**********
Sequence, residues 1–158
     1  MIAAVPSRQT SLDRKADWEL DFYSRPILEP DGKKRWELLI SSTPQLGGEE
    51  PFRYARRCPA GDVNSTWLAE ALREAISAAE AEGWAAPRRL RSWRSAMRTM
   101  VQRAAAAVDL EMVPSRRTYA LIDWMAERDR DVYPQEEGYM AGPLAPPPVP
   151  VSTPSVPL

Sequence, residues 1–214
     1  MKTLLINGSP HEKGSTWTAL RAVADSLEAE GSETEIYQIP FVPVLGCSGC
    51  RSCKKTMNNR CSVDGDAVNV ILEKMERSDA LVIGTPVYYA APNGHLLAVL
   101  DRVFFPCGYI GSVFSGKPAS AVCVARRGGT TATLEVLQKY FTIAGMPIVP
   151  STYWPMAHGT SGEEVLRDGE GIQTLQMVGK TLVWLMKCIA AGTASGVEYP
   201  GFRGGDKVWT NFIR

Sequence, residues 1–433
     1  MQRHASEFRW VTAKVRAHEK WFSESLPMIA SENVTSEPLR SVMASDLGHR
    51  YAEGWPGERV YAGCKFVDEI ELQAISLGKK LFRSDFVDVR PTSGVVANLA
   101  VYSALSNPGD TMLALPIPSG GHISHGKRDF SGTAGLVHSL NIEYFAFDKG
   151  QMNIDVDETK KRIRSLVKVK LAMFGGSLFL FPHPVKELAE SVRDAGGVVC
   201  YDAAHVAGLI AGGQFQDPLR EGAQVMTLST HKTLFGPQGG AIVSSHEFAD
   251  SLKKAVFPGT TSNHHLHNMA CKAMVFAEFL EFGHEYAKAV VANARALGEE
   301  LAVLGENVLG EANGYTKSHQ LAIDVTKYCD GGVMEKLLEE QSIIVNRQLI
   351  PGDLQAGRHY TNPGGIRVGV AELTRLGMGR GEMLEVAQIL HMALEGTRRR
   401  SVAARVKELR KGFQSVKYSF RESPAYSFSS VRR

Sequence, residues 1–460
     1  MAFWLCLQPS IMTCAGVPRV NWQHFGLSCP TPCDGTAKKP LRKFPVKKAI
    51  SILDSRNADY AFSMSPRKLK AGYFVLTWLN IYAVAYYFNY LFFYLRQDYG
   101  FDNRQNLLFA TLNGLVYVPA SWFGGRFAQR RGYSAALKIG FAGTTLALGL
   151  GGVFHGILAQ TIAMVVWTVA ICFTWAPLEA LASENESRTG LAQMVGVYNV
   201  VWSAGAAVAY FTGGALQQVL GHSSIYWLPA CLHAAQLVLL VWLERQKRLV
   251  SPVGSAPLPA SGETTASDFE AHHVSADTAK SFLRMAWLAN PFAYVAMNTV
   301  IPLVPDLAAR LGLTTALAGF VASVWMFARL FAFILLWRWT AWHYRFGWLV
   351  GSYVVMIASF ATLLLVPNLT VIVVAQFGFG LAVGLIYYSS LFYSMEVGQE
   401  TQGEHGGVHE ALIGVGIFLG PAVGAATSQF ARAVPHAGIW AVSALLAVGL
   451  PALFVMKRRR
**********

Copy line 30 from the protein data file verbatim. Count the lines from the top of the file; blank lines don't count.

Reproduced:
   351  GSYVVMIASF ATLLLVPNLT VIVVAQFGFG LAVGLIYYSS LFYSMEVGQE